A more versatile delivery system for fused deposition has recently been developed. This system uses a very stiff, precise, and compact actuator to drive a small piston/cylinder extruder that has a heated nozzle. Because feed rods are used as the feed material, this newly developed delivery system does not have the materials limitations of conventional delivery systems.

This innovative technology is a mechanical assembly that can achieve high extrusion pressure that can be constructed in a compact enough form to retrofit existing fused deposition systems. The heart of this mechanical system is the combination of a hollow cylindrical servo motor and a ball screw, which are used to directly drive the piston of a piston extruder. The end of the screw is secured on a plate, which slides on four posts to provide counter-rotation. This plate also prevents any axial misalignment of the screw and houses the load cell. The four posts provide a frame that attaches to a top plate to support the motor and a bottom plate to support the cylinder of the piston extruder. These elements form a very stiff mechanical linkage with very low lag or backlash and produce very precise volumetric displacement of material.

The cylindrical pancake motors for this invention were designed to eliminate gear reductions and avoid backlash in direct- drive equipment. Because the stator has been moved to the outside of the rotor, these motors produce very high torque at extremely low and controlled angular velocities. The increased radius and mass of the rotor translate to very high torque and rotor inertia. Also, the cylindrical motor is hollow, which allows the ball nut to fit inside the motor. This makes the actuator assembly very compact.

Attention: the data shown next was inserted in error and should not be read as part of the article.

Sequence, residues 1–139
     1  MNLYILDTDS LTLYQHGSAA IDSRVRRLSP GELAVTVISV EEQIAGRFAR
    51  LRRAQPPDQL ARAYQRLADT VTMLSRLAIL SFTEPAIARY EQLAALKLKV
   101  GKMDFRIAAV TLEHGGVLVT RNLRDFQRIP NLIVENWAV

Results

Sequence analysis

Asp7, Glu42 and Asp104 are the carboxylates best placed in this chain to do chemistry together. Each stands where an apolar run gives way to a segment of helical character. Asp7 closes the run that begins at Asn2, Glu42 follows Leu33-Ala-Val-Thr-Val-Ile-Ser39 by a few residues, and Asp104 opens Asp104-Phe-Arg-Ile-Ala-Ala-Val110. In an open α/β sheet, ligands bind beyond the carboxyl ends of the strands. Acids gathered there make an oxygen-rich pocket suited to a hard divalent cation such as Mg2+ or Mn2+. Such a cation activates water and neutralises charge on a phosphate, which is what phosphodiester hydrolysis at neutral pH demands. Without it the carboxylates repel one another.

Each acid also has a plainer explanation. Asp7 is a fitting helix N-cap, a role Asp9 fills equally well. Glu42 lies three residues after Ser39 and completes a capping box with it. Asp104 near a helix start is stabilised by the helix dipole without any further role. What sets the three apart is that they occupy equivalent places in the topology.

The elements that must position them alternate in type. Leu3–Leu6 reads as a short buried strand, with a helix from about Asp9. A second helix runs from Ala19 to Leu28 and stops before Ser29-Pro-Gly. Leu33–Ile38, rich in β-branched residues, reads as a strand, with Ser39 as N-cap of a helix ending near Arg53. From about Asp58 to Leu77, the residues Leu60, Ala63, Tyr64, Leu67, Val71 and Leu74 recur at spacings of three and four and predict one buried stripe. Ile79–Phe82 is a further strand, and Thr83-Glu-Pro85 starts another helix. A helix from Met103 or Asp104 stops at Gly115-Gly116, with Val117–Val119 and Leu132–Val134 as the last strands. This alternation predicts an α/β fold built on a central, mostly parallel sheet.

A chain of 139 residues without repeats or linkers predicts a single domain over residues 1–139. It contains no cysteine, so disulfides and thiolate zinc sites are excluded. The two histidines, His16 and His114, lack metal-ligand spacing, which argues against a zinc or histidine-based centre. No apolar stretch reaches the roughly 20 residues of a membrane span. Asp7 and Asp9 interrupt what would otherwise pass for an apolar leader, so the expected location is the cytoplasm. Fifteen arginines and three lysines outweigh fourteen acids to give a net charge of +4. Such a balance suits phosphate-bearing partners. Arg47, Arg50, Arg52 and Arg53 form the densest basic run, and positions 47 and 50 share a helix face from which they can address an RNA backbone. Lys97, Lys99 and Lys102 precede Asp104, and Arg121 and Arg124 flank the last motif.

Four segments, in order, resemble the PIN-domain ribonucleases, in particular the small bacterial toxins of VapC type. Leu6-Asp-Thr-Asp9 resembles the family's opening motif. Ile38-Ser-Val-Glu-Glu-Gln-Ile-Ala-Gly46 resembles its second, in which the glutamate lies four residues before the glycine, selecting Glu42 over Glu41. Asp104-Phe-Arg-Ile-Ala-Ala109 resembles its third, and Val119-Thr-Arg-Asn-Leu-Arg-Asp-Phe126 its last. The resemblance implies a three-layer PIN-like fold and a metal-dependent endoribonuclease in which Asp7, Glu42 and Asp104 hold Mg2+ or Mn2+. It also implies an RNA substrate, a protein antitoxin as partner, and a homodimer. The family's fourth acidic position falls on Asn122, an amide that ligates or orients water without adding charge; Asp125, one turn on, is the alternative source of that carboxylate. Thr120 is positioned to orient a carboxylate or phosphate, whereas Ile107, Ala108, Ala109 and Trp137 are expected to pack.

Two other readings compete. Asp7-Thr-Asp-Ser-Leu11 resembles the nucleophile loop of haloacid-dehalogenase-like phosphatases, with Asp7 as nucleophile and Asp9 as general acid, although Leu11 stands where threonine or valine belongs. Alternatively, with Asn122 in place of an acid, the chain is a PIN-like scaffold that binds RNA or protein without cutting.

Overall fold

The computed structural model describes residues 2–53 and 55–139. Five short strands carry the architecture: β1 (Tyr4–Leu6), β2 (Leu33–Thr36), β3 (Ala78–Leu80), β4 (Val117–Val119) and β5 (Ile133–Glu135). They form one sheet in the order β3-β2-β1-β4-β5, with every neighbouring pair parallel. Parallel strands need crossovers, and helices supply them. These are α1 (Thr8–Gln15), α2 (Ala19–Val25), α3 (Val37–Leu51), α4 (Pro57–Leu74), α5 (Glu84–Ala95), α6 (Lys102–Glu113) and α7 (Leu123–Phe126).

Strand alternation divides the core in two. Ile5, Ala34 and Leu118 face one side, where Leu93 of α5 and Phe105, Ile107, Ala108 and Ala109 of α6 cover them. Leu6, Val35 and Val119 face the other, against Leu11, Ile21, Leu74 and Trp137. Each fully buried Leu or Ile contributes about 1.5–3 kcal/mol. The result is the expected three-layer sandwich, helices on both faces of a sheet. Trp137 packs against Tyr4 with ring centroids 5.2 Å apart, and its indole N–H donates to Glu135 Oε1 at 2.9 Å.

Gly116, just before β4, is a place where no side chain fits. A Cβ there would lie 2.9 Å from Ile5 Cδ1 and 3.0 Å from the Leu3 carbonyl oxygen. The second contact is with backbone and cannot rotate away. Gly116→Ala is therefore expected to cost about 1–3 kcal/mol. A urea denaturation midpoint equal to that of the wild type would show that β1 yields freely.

Two configurations of the high-pressure deposition were fabricated. One configuration was designed to retrofit into a Statasys Fused Deposition Modeler (FDM). The second configuration was designed for an Advanced Ceramics Research, Inc., (ACR) in-house fused deposition system. In the FDM, the head is moved in the horizontal plane and material is deposited onto a base that is moved vertically. In the ACR in-house system, the head is mounted on a stationary bridge and material is deposited onto a base which is moved in the horizontal plane and vertically beneath the head. The ACR system has more piston displacement, but the basic design of both units is the same.

This innovative technology has been used to free-form a number of important functional materials, such as polyaryletherketone, polycarbonate, thermoplastic polyurethane, and polylactic acid/polyglycolic acid block copolymer. This delivery system has also been used to fabricate green bodies that were subsequently fired to high density, including alumina, yttria stabilized zirconia, and silicon nitride.

Testing of these materials showed that the mechanical properties of the materials systems developed with this new invention greatly surpassed those of other free-formed polymer materials.

A completed ACR in-house High-Pressure Fused-Deposition System is depicted in this photo.

This work was done by Peter Creegan, Robert Hoffman, and Gabriel Chambers of Advanced Ceramics Research, Inc., and Kevin Stuffle of Materials and Machines, Inc., for Marshall Space Flight Center.

Inquiries concerning rights for the commercial use of this invention should be addressed to

the Patent Counsel
Marshall Space Flight Center; (205) 544-0021.


Motion Control Tech Briefs Magazine

This article first appeared in the June, 1998 issue of Motion Control Tech Briefs Magazine.

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